Review: Jozef van Wissem - A Priori (2008)


artist: Jozef Van Wis­sem
release: A Pri­ori
format: CD
year of release: 2008
label: Incun­ab­ulum
dur­a­tion: 37:33

detailed info: dis​cogs​.com

A Pri­ori is Dutch lut­ist Jozef Van Wis­sem’s sev­enth solo album, self-released in the Incun­ab­ulum imprint. The liner notes in this styl­ish digi­pak are by none other than Cur­rent 93’s David Tibet, and he warmly recom­mendes this album, com­par­ing it to vari­ous cyc­lic and eternal entit­ies in nature. I can see where our dear David is com­ing from, and I can ima­gine that he likes it quite a bit: the repet­it­ive and hyp­notic qual­it­ies present in his own music find a dif­fer­ent sort of expres­sion on the album cur­rently under dis­cus­sion.

As many of Van Wissem’s works, this album is made up of solo lute com­pos­i­tions, mak­ing use of a tech­nique he dubs “pal­in­drome com­pos­i­tions”. It is quite clear why this is so, for each track is built up of sep­ar­ate pieces of melody that roll back on eachother in groups of three to five. Each group then con­tains one or a couple of notes and/or chords. This sys­tem is intriguing, ref­er­en­cing at the same time mod­ern cut-up tech­niques and the more time­less con­cepts of eternal return and infin­ity men­tioned above, and also reflec­ted in the spir­itual titles of his work.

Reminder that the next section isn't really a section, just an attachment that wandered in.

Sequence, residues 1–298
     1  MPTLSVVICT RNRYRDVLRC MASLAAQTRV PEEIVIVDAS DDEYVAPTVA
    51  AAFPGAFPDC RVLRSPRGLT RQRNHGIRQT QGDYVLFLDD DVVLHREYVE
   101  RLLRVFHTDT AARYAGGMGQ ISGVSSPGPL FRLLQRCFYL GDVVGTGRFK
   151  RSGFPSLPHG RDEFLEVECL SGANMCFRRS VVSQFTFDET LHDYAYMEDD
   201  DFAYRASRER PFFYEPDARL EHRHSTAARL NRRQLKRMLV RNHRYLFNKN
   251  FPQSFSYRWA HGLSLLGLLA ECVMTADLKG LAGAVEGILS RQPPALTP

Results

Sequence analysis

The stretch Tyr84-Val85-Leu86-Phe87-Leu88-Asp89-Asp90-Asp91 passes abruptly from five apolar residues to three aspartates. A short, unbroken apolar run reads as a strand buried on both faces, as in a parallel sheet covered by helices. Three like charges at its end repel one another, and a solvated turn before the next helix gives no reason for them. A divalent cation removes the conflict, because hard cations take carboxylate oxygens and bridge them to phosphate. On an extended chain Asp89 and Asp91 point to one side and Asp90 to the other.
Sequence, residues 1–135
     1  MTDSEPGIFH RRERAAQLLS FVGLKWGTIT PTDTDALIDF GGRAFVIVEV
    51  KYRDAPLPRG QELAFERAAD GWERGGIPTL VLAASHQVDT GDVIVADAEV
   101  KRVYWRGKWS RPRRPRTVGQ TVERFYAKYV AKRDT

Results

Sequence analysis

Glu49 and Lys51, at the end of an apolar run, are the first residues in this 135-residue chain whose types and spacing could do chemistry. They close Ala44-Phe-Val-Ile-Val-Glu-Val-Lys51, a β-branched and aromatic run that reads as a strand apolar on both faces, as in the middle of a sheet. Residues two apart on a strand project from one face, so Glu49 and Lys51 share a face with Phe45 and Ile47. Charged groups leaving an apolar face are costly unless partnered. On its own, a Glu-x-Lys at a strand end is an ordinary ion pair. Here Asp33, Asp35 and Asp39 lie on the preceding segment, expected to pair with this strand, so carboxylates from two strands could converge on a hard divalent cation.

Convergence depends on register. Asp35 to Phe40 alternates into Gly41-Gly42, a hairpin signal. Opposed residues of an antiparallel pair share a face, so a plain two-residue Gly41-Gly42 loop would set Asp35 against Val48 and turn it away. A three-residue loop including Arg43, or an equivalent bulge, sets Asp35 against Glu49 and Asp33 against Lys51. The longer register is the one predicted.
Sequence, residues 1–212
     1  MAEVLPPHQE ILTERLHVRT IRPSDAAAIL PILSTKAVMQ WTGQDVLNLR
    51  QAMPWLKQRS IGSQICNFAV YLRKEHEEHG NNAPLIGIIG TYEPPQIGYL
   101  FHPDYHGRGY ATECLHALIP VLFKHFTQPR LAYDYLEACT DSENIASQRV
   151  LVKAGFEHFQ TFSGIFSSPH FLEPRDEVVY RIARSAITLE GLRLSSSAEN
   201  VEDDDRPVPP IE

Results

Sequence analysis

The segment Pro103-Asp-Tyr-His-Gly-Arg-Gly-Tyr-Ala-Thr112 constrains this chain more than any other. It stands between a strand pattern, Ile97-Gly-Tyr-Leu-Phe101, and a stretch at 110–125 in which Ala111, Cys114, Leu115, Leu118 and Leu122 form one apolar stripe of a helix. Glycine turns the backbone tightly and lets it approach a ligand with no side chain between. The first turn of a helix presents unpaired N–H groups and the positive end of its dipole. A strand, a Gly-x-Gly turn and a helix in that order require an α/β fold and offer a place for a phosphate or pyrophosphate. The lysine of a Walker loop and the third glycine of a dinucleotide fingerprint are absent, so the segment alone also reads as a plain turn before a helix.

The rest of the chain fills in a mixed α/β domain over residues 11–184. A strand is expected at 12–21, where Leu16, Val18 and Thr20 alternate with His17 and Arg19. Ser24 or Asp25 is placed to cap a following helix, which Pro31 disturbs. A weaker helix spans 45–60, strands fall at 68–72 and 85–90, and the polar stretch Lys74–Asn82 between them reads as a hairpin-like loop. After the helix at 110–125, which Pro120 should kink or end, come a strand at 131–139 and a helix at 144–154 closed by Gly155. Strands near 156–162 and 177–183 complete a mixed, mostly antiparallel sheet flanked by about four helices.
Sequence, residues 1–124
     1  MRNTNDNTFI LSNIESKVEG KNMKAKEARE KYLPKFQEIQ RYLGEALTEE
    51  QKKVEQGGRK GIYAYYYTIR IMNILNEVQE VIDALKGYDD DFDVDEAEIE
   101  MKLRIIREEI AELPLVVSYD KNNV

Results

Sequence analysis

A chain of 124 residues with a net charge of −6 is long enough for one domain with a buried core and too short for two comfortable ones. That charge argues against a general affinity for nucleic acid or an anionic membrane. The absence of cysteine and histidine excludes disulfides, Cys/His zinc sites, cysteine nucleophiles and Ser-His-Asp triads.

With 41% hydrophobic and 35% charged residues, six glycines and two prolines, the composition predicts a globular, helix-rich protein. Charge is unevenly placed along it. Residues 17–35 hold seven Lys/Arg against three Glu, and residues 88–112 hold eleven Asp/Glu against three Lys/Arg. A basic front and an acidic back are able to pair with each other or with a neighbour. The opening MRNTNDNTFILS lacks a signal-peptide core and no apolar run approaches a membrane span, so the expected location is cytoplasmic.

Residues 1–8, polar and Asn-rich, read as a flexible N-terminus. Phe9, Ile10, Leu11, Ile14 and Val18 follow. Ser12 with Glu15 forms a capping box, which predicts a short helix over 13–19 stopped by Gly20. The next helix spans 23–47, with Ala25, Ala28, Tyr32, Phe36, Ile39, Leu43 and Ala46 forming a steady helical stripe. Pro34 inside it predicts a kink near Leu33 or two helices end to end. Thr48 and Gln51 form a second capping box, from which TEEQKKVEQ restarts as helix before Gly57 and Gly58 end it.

Music­ally how­ever, I think Van Wis­sem could have done so much more with this idea. The tempo on the whole album is quite low, and espe­cially the rhythmic side con­tains very little vari­ation. This could’ve have been com­pensated by changes in tempo and intens­ity, but sadly, this is not the case. As it stands, the album is quite hyp­notic and relax­ing, but tends to fade into the back­ground a bit too much for my taste. I found this espe­cially dis­ap­point­ing because I’m quite enthu­si­astic about the work Van Wis­sem did with James Black­shaw, Brethren of the Free Spirit, where his excel­lent lute play is sup­ple­men­ted by the richer sound of Blackshaw’s 12-string, and more import­antly, by com­pos­i­tions that seem more ima­gin­at­ive and exper­i­mental.

All the same, A Pri­ori is an album that is good at what it does. If you enjoy Van Wissem’s other solo works, you won’t be dis­ap­poin­ted by this one, and you might also like it if you are into pro­jects like Pan­talei­mon.

Reviewed by O.S.

Track­list:

1. How the Soul Has Arrived at Under­stand­ing of Her Noth­ing­ness (9:42)
2. Aer­umna (3:25)
3. Into the Abyss of Per­di­tion (3:54)
4. Thelema (4:12)
5. The Heav­ens Are Part­ing and the Spirit Des­cends like a Dove (3:54)
6. De Anima (5:24)
7. The Soul Leaves the Body in Eternal Glory (7:02)